Gamera vs. Zigra

1971 [JAPANESE]

Action / Adventure / Family / Sci-Fi

3
Rotten Tomatoes Critics - Rotten 14%
Rotten Tomatoes Audience - Spilled 14% · 250 ratings
IMDb Rating 3.6/10 10 1876 1.9K

Director

Top cast

720p.BLU 1080p.BLU
810.12 MB
1280*544
Japanese 2.0
NR
23.976 fps
1 hr 28 min
Seeds 1
1.47 GB
1920*816
Japanese 2.0
NR
23.976 fps
1 hr 28 min
Seeds 7

Movie Reviews

Reviewed by r-c-s 4 / 10

kiddie cheap monster movie

This episode of the Gamera franchise reprises the pollution item from the more famous Godzilla-Toho movies. If we can make a comparison, this movie is closely related to "the smog monster" movie of the Godzilla series. Two annoying kids are abducted by aliens. at first they think some pretty woman to be the villain, only to realize later she's a captive earthling and her boss & invading alien is some sort of stuffed shark. Lots of hide'n'seek & a few shots of the hottie in bikini. What takes these early gamera movies apart is they are expressly children movies. However, children movies from the 60's get old quick and i'm not sure how much of any appeal they might have for today's children. The budget is typically low, SFX nearly non-existent and the plot is nearly non-existent, with the trademark of say UN surrendering to the aliens to save a couple of silly childs. While childs in other Gamera movies are very smart, these 2 are borderline idiots (check the military interview part). Most TOHO movies were children movies but could easily target adults; not so with most of these early DAIEI productions. Kikuchi rips himself off recycling tunes from his score repertory. Luckily it is a short movies, thus it is perfectly watchable for what it is.

Reviewed by Woodyanders 8 / 10

Entertaining Gamera film

Space aliens arrive on Earth with their giant shark Zigra. Of course, they plan on conquering our planet, so it's up to giant flying fire-breathing turtle Gamera to once again save the day. Director Noriaka Yuasa and writer Nisan Takahashi treat the story with admirable sincerity and toss in a valid and relevant anti-pollution message amid all the expected carnage. The cast likewise play their parts with praiseworthy conviction. The big climactic monster mash between Gamera and Zigra is staged with a reasonable amount of flair and hits the stirring spot, with the definite wacky highlight occurring when Gamera plays Zigra's back like a xylophone. The lovably rinky dink (far from) special effects -- rubbery monster suits, Tonka Toy miniatures -- possess a certain tacky charm. As a nice added bonus, we also get a hot mysterious Asian hitchhiker babe in a bikini. Plus you just gotta love the insanely catchy'n'groovy Gamera theme song! Both Akira Uehara's expansive widescreen cinematography and Shunsuke Kikuchi's robust score are up to par. A fun creature feature.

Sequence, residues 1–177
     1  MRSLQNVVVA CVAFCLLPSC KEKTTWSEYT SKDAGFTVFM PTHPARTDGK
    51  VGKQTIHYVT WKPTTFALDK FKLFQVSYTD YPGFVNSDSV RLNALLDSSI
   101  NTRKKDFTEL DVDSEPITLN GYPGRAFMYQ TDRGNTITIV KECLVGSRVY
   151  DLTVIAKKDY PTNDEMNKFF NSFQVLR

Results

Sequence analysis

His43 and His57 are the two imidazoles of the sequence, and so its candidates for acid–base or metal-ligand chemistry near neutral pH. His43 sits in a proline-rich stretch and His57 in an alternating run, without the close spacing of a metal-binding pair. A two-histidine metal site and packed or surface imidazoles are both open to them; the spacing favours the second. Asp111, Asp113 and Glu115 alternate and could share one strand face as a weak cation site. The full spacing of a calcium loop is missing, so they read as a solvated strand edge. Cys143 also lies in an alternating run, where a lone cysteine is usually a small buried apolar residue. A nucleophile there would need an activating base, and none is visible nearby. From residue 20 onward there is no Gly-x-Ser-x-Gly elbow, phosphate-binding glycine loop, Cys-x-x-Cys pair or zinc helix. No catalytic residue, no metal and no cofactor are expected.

Reviewed by InzyWimzy 3 / 10

I want a coke...with Jack Daniels

Possibly one of the earliest attempts at cinematic product placement.

Ahh, Gamera. Zigra. Giant Turtle. Giant Fish. Fire. Hypnosis beams. I guess the pleasure from these classic japanese monster films is watching a world, or mostly Japan, where giant mutant monsters exist, children know much much more than the adults, and cities are crushed as easily as cheesy models...oh wait, they are models. Anyway, UFO comes to Japan. The main brats Kenny and Helen (will someone get her a coke already!!) go on zany trying to prevent Zigra and his scantily clad henchwoman (VA-VOOM!) from trying to take over earth. The Zigra woman has the ability to hypnotize people with a simple snap and she must follow Zigra's orders to kill the children who mysteriously manage to survive again and again (duh). People yell AH!!, Gamera shows up, Zigra blows stuff up, a lot of paint...uh blood is spilled, I think there were dolphins, and lots of subplots to keep virtually anyone watching perplexed. Also, the diabolically catchy Gamera song is sung here. Add this all up for a huge laughs and best seen with Joel and da bots (HEY, THAT'S US!!).

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